Sunday, July 1, 2012


OK.  Here's the story.  Never told it before, not even mentioned it to my husband, which I did just as I was beginning this post.

Soroti, Uganda, is not near huge Lake Victoria.  Duh!  That's well known by anyone who is geographically oriented.  It's not near the Indian Ocean. ["Duh" continues.]  It IS near a lake-ish portion of Uganda, but not a consistent area -- I was told that the lakes sometimes had water reduced significantly at certain times of the year when the heat is much higher and the rain has backed off.  So, I never anticipated seeing a pelican in that part of Uganda, period.

When I was in Soroti to help some of those who were struggling after Joseph Kony's LRA rebels had invaded areas near the town, I never saw the lakes.  I knew they were nearby, but the pastors and other "protectors" wouldn't take me on any side rides, because they didn't know if we would be attacked.

I still was always surprised when I saw pelicans floating over the town, hanging out in trees.

About the time I was getting ready to leave Soroti,  I was invited to go out eating with a couple from UK.  Allan and Anne were YWAM leaders in Uganda and had been living at the Soroti YWAM compound for many years.  I had been staying there for some weeks.  They weren't young, probably in their 60s, but were very helpful and supportive of both public and missions-oriented Ugandans and for international missions folks who showed up, which would have been me at that moment.

They had bikes to ride to the eating area, and gave me one.  We made it to a main street on our edge of town, riding on a bumpy path across a big field.  Within a few minutes we reached the Taj Mahal cafe.  [YEP!  That was the name of this very non-fancy extremely casual place.]  We had a good time, eating cheap Ugandan food -- potatoes and fish and vegs -- and yammering and talking and sharing so many things we'd had in our hearts together while helping however we could in Soroti.  [They were leaving Uganda for UK soon and retiring from their ministry.  Wonderful couple!]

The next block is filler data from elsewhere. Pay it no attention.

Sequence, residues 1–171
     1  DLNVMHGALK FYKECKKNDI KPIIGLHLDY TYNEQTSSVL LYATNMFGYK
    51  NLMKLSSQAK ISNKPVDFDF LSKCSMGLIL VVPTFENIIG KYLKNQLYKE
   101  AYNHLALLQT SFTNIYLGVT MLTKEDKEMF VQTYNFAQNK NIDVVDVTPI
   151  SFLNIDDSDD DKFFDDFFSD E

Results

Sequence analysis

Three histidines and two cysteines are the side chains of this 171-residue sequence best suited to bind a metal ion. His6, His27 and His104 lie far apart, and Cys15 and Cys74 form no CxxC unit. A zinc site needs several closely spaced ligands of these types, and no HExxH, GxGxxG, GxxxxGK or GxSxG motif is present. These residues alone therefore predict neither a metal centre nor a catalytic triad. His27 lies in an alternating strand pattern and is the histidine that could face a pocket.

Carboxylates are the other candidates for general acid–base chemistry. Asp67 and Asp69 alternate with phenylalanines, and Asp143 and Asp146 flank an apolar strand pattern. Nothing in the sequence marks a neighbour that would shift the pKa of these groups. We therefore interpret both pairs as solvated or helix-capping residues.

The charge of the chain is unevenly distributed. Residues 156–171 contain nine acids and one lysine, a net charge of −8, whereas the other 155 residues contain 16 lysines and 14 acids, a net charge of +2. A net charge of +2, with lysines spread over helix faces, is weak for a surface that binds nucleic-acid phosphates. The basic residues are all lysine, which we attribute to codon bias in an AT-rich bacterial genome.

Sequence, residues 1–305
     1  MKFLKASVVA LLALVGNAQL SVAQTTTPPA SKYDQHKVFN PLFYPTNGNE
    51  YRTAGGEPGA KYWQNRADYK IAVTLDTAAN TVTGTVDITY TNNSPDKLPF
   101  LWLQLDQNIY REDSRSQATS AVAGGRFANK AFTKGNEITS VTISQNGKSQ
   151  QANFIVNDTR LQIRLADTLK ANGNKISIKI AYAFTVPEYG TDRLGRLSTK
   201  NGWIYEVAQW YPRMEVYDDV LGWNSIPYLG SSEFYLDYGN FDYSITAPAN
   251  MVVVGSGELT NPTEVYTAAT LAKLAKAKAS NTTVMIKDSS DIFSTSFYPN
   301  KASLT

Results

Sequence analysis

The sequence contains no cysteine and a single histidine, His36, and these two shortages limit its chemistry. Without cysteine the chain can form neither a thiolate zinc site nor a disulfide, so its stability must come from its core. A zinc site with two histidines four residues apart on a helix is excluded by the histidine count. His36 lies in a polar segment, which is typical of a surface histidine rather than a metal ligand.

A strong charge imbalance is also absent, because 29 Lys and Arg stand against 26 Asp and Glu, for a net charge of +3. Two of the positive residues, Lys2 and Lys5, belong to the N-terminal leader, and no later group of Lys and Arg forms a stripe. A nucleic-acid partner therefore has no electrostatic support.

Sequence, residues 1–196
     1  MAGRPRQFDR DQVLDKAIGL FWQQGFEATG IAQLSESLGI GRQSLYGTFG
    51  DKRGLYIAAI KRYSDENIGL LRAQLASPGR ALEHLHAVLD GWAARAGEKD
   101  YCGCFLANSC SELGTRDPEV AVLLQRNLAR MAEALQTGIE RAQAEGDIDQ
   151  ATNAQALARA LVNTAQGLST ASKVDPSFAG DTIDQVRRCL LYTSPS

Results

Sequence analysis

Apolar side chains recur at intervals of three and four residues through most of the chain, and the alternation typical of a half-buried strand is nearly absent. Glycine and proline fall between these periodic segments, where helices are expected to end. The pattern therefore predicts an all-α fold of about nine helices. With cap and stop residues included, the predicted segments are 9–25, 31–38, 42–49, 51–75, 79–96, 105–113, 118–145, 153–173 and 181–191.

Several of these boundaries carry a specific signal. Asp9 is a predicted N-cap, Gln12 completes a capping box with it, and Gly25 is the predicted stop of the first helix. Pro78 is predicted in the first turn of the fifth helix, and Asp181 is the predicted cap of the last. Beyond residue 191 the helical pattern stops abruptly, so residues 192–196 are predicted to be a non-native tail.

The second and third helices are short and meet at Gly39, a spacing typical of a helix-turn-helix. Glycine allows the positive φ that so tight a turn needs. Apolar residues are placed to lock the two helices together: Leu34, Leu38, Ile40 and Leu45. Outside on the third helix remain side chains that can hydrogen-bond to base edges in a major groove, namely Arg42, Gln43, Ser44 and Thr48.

Then, just as it was turning dark outside, we left.  We grabbed our bikes and went across the street.  We started heading back to YWAM, and I was last in line, moving slowly.  That's when it was discovered that Anne's bike's rear tire was flat.  The two of us stopped.  Allan was a bit ahead of us.

Then a less-than-wonderful event occurred.  While we knelt next to her bike, suddenly white, sticky stuff began landing on our heads and clothes and legs.  She wore a hat; I didn't.

Immediately, we realized we had stopped under a long lane of scruffy trees.  And what spent long stretches of time up there were dozens... if not hundreds ... of pelicans.  Believe me, the result was awful.

Allan and Anne moved her bike out of that area to work on it.  The Ugandans across the street in front of the eating and hanging-out shops were pointing at us and laughing.  Always thought it was funny when Muzungus [white folks] had done something so dumb.

I rode back to the compound, not able to see clearly, because of the dark, and not having anyone I could follow, since A. and A. weren't leading me. I tried to keep my nose higher and higher so I couldn't smell myself.